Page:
Study identifies characteristics of infused CAR T cells associated with efficacy and toxicity in patients with large B-cell lymphoma
Findings suggest that monitoring early changes in circulating tumor DNA may predict patient outcomes
MD Anderson News Release October 05, 2020
Researchers at The University of Texas MD Anderson Cancer Center have identified molecular and cellular characteristics of anti-CD19 CAR T cell infusion products associated with how patients with large B-cell lymphoma (LBCL) respond to treatment and develop side effects.
The research team also found that early changes in circulating tumor DNA one week after CAR T cell therapy may be predictive of treatment response in a particular patient. The paper was published online today in Nature Medicine.
“CAR T cell therapy is highly effective against LBCL,” said corresponding author Michael Green, Ph.D., associate professor of Lymphoma and Myeloma. “However, we experience two main clinical challenges: achieving long-term remission and managing treatment-associated adverse events.”
This study suggests that, within the first week of therapy, clinicians may be able to identify a subset of patients who may experience more poor outcomes or adverse treatment reactions, said Green. This would allow the care team to adjust therapy to improve efficacy or to act to mitigate toxicity.
CAR T cell signature, early molecular response may predict long-term outcomes
For this study, researchers performed single-cell analysis on CAR T cells to study gene expression profiles in the infused cells. CAR T cells were collected from those remaining in infusion bags following treatment of 24 patients with LBCL. These genetic profiles were compared to treatment responses, determined at three months post-infusion by PET/CT scan.
“When we look at the characteristics of the infused CAR T cells, we found that samples from patients who were less responsive to treatment had exhausted T cells, whereas those who experienced complete responses had T cells expressing ‘memory’ signatures,” said co-corresponding author Sattva Neelapu, M.D., professor of Lymphoma and Myeloma. “Additionally, one cellular signature of T cell exhaustion was more commonly found in patients who exhibited a poor molecular response, and poor molecular response is generally associated with less-positive, long-term outcomes.”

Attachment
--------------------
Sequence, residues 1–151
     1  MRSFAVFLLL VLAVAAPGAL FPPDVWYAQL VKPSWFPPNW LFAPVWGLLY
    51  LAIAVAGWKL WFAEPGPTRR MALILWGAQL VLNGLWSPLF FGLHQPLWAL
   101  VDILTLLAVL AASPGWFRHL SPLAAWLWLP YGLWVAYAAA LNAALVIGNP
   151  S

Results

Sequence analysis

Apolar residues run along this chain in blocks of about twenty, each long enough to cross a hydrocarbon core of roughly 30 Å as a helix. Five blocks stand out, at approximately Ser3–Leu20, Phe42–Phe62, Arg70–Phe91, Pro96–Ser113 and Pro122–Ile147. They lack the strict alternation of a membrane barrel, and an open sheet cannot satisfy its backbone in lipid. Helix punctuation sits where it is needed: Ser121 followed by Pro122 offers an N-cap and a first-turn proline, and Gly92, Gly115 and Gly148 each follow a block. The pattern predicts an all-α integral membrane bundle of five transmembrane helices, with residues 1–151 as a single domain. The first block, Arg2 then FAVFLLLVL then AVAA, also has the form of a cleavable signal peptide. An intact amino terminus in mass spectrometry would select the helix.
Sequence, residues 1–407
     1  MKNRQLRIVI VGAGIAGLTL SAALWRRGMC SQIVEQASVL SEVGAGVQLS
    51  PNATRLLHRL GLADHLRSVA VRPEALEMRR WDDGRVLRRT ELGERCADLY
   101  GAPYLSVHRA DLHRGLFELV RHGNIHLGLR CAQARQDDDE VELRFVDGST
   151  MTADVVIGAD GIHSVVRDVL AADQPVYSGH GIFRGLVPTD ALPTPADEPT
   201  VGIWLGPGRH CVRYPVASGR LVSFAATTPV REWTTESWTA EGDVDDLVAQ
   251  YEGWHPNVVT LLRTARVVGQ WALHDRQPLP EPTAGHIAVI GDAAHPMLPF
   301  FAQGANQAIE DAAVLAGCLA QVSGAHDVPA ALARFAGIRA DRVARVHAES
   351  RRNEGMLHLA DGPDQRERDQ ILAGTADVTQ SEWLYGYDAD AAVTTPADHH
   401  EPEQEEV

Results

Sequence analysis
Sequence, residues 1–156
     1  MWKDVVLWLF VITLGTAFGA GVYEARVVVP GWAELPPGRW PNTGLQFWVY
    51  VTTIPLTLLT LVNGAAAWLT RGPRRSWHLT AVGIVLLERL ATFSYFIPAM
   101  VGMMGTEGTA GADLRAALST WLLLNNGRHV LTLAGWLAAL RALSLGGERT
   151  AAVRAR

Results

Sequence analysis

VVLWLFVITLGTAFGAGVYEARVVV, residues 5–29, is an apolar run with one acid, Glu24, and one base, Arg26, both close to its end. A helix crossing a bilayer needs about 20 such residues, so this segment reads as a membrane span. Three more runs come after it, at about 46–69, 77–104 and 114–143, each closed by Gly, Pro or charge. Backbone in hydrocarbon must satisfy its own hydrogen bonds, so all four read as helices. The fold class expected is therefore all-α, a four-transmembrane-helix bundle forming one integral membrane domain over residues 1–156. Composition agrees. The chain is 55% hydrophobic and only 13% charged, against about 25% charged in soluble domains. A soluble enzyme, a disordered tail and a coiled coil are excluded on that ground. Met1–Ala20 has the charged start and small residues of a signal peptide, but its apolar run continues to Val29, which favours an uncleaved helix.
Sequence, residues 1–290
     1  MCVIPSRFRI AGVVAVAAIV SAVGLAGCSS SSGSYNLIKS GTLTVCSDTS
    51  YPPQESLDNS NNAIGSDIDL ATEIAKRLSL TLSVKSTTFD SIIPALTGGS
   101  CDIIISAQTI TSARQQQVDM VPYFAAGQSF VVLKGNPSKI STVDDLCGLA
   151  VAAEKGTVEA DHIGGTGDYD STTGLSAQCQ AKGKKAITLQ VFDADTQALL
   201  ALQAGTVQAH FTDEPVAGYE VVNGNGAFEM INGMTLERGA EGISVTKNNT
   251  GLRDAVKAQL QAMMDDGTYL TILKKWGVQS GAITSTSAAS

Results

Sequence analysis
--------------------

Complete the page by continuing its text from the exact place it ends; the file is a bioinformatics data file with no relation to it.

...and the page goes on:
Further, the researchers analyzed early molecular responses in the patients by monitoring changes in circulating tumor DNA from treatment to one week post-infusion. The magnitude of change in tumor-associated DNA corresponded with response, suggesting that patients who displayed an early molecular response were more likely to experience a clinical response to treatment.
CAR T cell features predict likelihood of severe side effects
Adverse side effects of CAR T cell therapy can include cytokine release syndrome and immune effector cell-associated neurotoxicity syndrome (ICANS). These adverse events can delay patients’ recovery and can lead to increased need for hospitalization and intensive care.
“When we examined the infusion product, we found that a cell population with characteristics similar to myeloid cells, with a monocyte-like transcriptional signature, was associated with development of high-grade neurotoxicity,” said Green. “Detecting these cells may subsequently lead us to identify patients who would be at higher risk of developing neurotoxicity, allowing us to provide prophylactic treatment with agents that target the specific cellular features.”
Further examination may lead to insights into the types and attributes of the cells present within the CAR T infusion product.
“This study also tells us that some rare and unexpected cells identified by single-cell analysis could be biologically important,” said co-corresponding author Linghua Wang, M.D., assistant professor of Genomic Medicine. “Going forward, we plan to functionally characterize these monocyte-like cells to better understand their specific biological mechanisms driving these clinical results.”
These findings will help researchers develop clinical interventions that can block or target these cells. They also plan to validate the capacity of circulating tumor DNA to accurately predict patients’ long-term outcomes.
This research was supported in part by the B-cell Lymphoma Moon Shot, part of MD Anderson’s Moon Shots Program. With support from the Moon Shot and the Cancer Prevention & Research Institute of Texas (CPRIT), the research team plans to utilize PDX models of disease that relapsed following anti-CD19 CAR T cell therapy to preclinically test interventions that could lead to better treatment responses or to prevention of adverse side effects.
Other research support came from the Schweitzer Family Fund, the National Cancer Institute (P30 CA016672) and start-up research funds from MD Anderson. A full list of co-authors and their disclosures can be found here.